tiles spelling self-care on table with two pink and white flowers
Image by Tiny Tribes from Pixabay

If you are anything like me, you find being a counselor very enjoyable and fulfilling. We regularly make positive impacts on the lives of people we serve, and we’re committed to help them heal and grow.

However, this endeavor can be emotionally demanding and challenging. We hold space for successes, but we also come face to face with various sufferings and human misery. Even an ordinary day can at times be exhausting.

Add in the personal responsibilities of everyday life, living amid a pandemic, daily acts of violence and inflation, and the potential implications can be prevalent and persistent for counselors. These implications include increased depression, anxiety, psychosocial isolation, loneliness, disrupted personal relationships, compassion fatigue, vicarious trauma, burnout and professional impairment, all of which can impact the quality of services for effective and ethical counseling and overall functioning.

While most of us have substantial knowledge about self-care and convey its importance to clients, there is a disconnect between knowing about and doing self-care. For many counselors, self-care is front and center yet so far away.

Defining self-care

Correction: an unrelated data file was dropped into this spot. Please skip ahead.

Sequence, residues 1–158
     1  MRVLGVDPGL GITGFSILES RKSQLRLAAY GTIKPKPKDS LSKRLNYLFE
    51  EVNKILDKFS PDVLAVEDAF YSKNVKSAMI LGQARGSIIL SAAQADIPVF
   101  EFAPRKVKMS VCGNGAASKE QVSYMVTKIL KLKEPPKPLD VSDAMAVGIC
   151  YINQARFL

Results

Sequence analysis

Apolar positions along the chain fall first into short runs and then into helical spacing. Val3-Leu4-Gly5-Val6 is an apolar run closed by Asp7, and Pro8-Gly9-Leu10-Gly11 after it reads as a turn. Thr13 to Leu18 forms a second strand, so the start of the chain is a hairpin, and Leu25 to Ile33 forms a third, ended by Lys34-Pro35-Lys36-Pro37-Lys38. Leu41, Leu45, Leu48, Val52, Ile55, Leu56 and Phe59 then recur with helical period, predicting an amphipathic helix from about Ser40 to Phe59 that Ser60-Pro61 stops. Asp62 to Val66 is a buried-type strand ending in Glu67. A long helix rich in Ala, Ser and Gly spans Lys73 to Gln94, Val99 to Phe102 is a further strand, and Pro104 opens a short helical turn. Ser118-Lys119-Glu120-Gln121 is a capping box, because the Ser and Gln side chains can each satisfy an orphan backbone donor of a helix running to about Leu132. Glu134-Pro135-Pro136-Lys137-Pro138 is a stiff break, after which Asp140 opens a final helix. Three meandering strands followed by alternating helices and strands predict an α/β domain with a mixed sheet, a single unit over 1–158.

What exactly is self-care? Simply put, self-care is intentional actions and experiences to enhance or maintain physical, emotional, mental and social well-being and balance in life.

Self-care has many benefits. It boosts well-being, builds resilience, increases self-awareness and self-esteem, prevents burnout and compassion fatigue, and helps us perform at our best. It is a form of prevention, an ethical responsibility and an imperative for counselors personally and professionally.

Most important, self-care is about choice and understanding what it means for you. Everyone has a unique definition of self-care. For some, it may be a spa day, a massage or weeks of vacation. For others, it may be curling up with a good book, taking a moment to breathe, establishing boundaries, being intentional or assertive, or holding oneself accountable. Self-care is what maintains and restores your sense of self and what nourishes you.

Making self-care routine

It can be challenging to integrate self-care into a daily routine, which is why I created a four-step guide and a few practical self-care tips and strategies for counselors that can be built into everyday life in a manageable and sustainable way.

Step 1: Complete a self-care assessment

The first step is completing a self-care assessment to help you learn about and become aware of where you are at with your needs. There are various assessments readily available on the internet, in books, etc. A common one is the Self-Care Assessment created by Therapist Aid, which helps people reflect on current self-care practices, explore areas of improvement and identify new practices.

Step 2: Create a self-care plan

The second step is to create a self-care plan. Create an inventory of personalized self-care strategies that cater to the whole self and include physically, mentally, emotionally and spiritually nourishing activities. This could be a list of the top five things you can do, or not do. Be specific. Don’t just write down “do a breathing exercise” — describe which exercises you foresee yourself doing and enjoy doing. Focus specifically on those you can do when you wake up or before you go to sleep, when you start and finish your day, and when you are between sessions.

Here are some possible self-care tips and strategies: